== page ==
Honestly, this post was very well done. You incorporated lecture material in the blog and even used research from the students of Penn State. The only things I noticed was that you misspelled “because,” which obviously isn’t a big deal, and that your link at the bottom of the post does not work. I don’t have any other tips that could help you get a better grade; I thought your post was extremely well done. It is sad to hear that the reef could possibly die in the near future. Hopefully they can save the reef. This article explains one of the ways in which the coral is dying. Great post.

  2. Anna Strahle

    Great post! I am very interested in the safety of the ocean, because humans need to alter their daily habits if we want to keep it the way it is now. I recently did a speech in my CAS 100 class about dead zones in the ocean. Dead zones are where parts of the ocean are dying because there is too much nitrogen in the water. Naturally, there is some nitrogen in the water, but a lot of fertilizer is starting to run-off from farms into the oceans causing there to be an over-abundance of nitrogen. Algae is an organism that thrives off of nitrogen, so when there is a large amount of it, the algae begins to overpopulate that area of the ocean. Eventually, the algae starts to decompose and uses all the oxygen, preventing any other living organism nearby from being able to breathe. This problem is evident in the United States because the second largest dead zone is here in the Gulf of Mexico, measuring to be 6,700 square miles (a little larger than the state of Connecticut).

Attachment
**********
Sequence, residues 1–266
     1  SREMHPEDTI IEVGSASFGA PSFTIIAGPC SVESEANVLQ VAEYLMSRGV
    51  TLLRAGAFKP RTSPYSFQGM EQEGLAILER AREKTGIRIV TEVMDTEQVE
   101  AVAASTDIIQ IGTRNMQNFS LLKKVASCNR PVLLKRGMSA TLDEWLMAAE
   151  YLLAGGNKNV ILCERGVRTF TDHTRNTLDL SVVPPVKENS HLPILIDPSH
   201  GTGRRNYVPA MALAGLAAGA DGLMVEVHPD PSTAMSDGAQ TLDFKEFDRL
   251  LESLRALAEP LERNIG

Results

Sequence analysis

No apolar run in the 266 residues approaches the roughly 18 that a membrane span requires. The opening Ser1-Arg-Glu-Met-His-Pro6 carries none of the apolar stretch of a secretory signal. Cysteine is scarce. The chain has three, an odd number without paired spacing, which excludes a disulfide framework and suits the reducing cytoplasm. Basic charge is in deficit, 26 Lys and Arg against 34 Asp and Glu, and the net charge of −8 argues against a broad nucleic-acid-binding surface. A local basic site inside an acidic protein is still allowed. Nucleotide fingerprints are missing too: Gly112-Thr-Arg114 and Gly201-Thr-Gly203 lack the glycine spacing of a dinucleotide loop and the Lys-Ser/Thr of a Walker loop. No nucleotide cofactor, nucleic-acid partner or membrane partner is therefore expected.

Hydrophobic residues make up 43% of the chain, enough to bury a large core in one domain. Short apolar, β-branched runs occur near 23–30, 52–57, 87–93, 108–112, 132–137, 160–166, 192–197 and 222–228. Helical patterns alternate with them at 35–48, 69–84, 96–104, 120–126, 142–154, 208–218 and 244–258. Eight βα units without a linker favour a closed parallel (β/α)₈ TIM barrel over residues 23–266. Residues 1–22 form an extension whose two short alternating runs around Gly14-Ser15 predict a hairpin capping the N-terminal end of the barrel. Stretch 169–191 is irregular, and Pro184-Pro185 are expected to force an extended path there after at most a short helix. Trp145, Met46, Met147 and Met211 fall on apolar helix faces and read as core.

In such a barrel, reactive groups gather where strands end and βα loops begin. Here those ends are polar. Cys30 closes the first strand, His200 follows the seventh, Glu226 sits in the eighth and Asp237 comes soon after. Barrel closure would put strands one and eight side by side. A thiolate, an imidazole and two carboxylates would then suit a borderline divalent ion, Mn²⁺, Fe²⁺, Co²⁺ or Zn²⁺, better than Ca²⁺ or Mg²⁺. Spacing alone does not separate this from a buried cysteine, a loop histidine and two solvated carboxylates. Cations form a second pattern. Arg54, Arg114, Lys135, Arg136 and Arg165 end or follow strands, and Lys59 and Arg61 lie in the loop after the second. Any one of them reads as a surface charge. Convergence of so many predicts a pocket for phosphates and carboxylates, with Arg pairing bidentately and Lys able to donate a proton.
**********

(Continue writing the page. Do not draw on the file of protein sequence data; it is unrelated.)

3. Daniele Patrice Loney

    I’m so happy that you addressed this problem. It is so easy to blog about things that interest us that may not be of extreme importance, but the Great Barrier Reef and its declining health is one of the most relevant things that could possibly be discussed, in my opinion. Not only is it a beautiful piece of nature, but it is also an important staple to ocean research and observations. Granted, there are coral reefs elsewhere, but it is common knowledge that the Great Barrier Reef is unique in its grandeur. The following link discusses biodiversity and how much exists within reefs If we lost the Great Barrier Reef, we would be losing knowledge, life, and and beauty.

    I think it is extremely important that everyone understands how bad losing this reef would be and how it would DEFINITELY affect the potential pool of knowledge that scientists gain from the ocean in the future. Great blog post!

  4. Julia R Martini

    I really wanted to write a post on the great barrier reef but didn’t know how to relate it to science. You did a nice job doing so! I’ve always heard of the problem that the reefs are dying due to pollution but never looked into it enough. This post did a nice job of summarizing what the problem is. The first thing that grabbed my eye was the first picture of the reef. Just the difference in color is worrisome so I can only imagine what is actually happening inside of it. Whenever I google the great barrier reef there is always recent new articles on it. That’s how prevalent this problem really is. The latest news article on the reef is here… This was good news about the reefs so you should read it! It’ll create some piece of mind.